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We describe the approach and protocols we used to conduct a “clinical trial” in PDX models that takes advantage of molecular characteristics of the tumor as obtained by genomic profiling to determine the best choice of drugs for testing. Multiple sequencing platforms are currently used for genomic characterization of primary tumors including whole genome sequencing, RNAseq and customized gene panels. For high grade serous ovarian carcinoma, MPseq to identify structural alterations, DNA rearrangements and copy number changes, is particularly useful because of the high degree of genomic instability observed in this type of tumor. The second advantage of the MPseq platform is that it covers the entire genome but costs significantly less than other comprehensive sequencing technologies. MPseq, however, is not suitable for point mutation detection as base coverage is not sufficient, reaching only 8-10x. One of the limitations of using MPseq alone for genomic characterization of a tumor is the presence of complex clustered chromosomal rearrangements, analysis of which does not predict the expression of impacted genes of interest. A junction detected by MPseq predicted to create a putative fusion gene that validates in the DNA by PCR may not be expressed because of a frame shift or small deletions and insertions in the promoter region. Similarly, chromosomal gains and amplifications for potential therapeutic targets should be carefully assessed and validated on the RNA or protein level to ensure expression of the gene of interest.

Although, the molecular make-up of the tumor is largely preserved after propagation in mice for several generations, changes in expression levels of key genes may occur over time either reflecting tumor evolution, clonal selection or adaptive response to murine environment. Thus, validation of an alteration intended for therapeutic intervention in both original donor tumor and PDX tumor is critical. For tumor isolated from PDX models both RNA and protein can be used to interrogate the expression level as the material is abundant. Either one can be chosen to cross-check the expression in the original tumor, depending on the availability and type of the stored tissue, and availability of antibody for the corresponding protein detection. The PDX model is specifically invaluable in testing combination therapies as the in vivo setting allows the monitoring of adverse effects, as well as dosage or duration adjustments in the treatment regimen.

The choice between orthotopic and subcutaneous engraftment can be made depending on the specific questions being addressed in the study. However, it is important to keep in mind that the sensitivity of xenografted tumors to therapeutics may be modulated by the site of implantation46. On the other hand, no evidence has been reported yet on the discovery of drugs showing a therapeutic response in orthotopic models but absent in subcutaneously implanted PDX9.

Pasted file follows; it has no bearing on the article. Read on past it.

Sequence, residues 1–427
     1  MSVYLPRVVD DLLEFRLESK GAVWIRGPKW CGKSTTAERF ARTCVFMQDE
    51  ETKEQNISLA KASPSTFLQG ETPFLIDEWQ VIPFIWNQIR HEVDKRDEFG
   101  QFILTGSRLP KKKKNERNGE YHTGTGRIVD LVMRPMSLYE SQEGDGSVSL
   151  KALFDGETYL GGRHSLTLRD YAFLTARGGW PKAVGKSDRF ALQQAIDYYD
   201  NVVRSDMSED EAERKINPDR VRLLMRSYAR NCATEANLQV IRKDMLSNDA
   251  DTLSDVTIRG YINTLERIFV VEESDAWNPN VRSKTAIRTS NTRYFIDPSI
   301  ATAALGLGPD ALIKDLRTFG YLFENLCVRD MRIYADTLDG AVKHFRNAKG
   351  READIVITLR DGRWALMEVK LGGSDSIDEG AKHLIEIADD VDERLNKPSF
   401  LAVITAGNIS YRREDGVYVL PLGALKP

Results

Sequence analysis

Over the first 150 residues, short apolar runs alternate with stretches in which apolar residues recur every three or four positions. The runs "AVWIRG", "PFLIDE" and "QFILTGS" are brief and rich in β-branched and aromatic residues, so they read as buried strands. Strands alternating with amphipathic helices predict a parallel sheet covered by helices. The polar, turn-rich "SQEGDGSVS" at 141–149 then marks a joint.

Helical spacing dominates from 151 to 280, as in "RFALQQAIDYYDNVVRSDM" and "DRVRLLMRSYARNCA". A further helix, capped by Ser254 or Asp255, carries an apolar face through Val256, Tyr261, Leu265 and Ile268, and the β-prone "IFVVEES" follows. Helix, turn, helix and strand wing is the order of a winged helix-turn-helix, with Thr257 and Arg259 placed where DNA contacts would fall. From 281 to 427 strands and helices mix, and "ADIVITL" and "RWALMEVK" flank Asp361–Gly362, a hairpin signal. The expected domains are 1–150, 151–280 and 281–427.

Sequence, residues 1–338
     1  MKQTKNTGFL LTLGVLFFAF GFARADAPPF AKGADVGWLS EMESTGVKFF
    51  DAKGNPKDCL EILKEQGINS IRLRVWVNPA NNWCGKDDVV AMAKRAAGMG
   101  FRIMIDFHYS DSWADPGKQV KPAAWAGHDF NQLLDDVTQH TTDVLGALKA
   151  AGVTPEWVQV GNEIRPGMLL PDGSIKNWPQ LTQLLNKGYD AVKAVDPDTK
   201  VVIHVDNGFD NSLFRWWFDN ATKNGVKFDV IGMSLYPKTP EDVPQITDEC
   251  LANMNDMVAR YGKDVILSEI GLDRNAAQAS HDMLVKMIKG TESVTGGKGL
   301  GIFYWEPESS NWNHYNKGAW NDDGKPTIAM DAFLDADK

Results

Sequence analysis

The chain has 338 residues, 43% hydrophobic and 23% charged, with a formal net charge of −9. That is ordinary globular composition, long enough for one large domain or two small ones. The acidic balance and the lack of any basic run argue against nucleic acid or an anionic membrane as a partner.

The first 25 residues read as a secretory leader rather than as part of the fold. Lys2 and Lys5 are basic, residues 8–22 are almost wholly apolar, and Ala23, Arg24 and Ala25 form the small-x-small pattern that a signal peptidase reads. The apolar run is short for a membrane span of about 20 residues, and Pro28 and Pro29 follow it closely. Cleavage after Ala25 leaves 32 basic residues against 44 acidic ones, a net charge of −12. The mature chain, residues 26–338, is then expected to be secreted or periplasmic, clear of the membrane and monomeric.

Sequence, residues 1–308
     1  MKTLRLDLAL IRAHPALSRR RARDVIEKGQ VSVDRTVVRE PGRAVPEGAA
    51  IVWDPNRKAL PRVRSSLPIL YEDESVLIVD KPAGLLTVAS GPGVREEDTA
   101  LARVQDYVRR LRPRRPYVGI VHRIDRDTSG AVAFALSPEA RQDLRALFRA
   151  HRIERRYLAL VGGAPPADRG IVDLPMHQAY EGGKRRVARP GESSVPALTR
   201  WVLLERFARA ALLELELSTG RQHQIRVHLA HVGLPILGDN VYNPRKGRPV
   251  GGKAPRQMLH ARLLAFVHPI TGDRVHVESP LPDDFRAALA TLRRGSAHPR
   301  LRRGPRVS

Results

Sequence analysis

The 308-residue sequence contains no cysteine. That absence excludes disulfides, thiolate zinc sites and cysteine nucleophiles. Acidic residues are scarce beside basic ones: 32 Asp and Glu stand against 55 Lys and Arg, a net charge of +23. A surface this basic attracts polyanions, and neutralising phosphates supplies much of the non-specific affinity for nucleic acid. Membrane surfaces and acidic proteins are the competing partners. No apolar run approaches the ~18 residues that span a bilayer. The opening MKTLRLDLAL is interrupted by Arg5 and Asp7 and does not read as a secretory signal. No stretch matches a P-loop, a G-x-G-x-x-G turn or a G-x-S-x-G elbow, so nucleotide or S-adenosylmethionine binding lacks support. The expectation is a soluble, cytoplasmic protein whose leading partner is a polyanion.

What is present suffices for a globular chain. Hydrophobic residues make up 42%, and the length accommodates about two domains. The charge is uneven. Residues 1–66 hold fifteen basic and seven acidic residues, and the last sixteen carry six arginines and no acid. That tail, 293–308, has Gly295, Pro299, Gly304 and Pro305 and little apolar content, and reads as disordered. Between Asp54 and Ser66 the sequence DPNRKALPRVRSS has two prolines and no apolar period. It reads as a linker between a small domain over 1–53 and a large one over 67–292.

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The authors declare that they have no conflict of interest.


We thank the members of the Mayo Clinic Center for Individualized Medicine (CIM) Dr. Lin Yang and Faye R. Harris, MS, for the help in conducting experiments. This work was supported by Mr. and Mrs. Neil E. Eckles’ Gift to the Mayo Clinic Center for Individualized Medicine (CIM).


Name Company Catalog Number Comments
3M Vetbond 3M, Co. 1469SB
anti-AKT antibody Cell Signaling Technologies, Inc. 9272
Anti-GAPDH antibody(G-9) Santa Cruz Biotech. Inc. sc-365062
Anti-MAPK antibody Cell Signaling Technologies, Inc. 9926
Anti-phospho-AKT antibody Cell Signaling Technologies, Inc. 9271
Anti-mTOR antibody Cell Signaling Technologies, Inc. 2972
Anti-Phospho-mTOR antibody Cell Signaling Technologies, Inc. 2971
Anti-Phospho-S6 antibody Cell Signaling Technologies, Inc. 4858
Anti-Rictor antibody Cell Signaling Technologies, Inc. 2114
Anti-S6 antibody Cell Signaling Technologies, Inc. 2217
Captisol ChemScene, Inc. cs-0731
Carboplatin NOVAPLUS, Inc. 61703-360-18
DMEM Mediatech, Inc. 10-013-CV
Easy-A Hi-Fi PCR Cloning Enzyme Agilent, Inc. 600404-51
Lubricant Cardinal Healthcare 82-280
Matrigel Corning, Inc. 356234
McCoy's media Mediatech, Inc. 10-050-CV
MK-2206 ApexBio, Inc. A3010
MK-8669 ARIAD Pharmaceuticals, Inc. AP23573
Nair Sensitive Skin Church & Dwight Co. Nair Hair Remover Shower Power Sensitive
NOD/SCID mice Charles River, Inc. NOD.CB17-Prkdcscid/NCrCrl
Paclitaxel NOVAPLUS, Inc. 55390-304-05
PEG400 Millipore Sigma, Inc. 88440-250ML-F
Perjeta Genetech, Co. Pertuzumab
Rituximab Genetech, Co. Rituxan
RPMI1640 Mediatech, Inc. 10-040-CV
SCID mice Harlan Laboratories, Inc. C.B.-17/IcrHsd-PrkdcscidLystbg
SLAx 13-6MHz linear transducer FUJIFILM SonoSite, Inc HFL38xp
SonoSite S-series Ultrasound machine FUJIFILM SonoSite, Inc SonoSite SII
Tween 80 Millipore Sigma, Inc. P4780-100ML



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Testing Targeted Therapies Cancer Structural DNA Alteration Analysis Patient-derived Xenografts In Vivo Cancer Models Whole Genome Bio-sequencing Genomic Alterations Gene Rearrangements Gene Copy Number Changes Druggable Changes In Vivo Treatment Immunocompromised Mice Treatment Decisions Panda Tool Microsequencing Gene Symbols Pathway Level U Software
Testing Targeted Therapies in Cancer using Structural DNA Alteration Analysis and Patient-Derived Xenografts
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Zhang, P., Kovtun, I. V. TestingMore

Zhang, P., Kovtun, I. V. Testing Targeted Therapies in Cancer using Structural DNA Alteration Analysis and Patient-Derived Xenografts. J. Vis. Exp. (161), e60646, doi:10.3791/60646 (2020).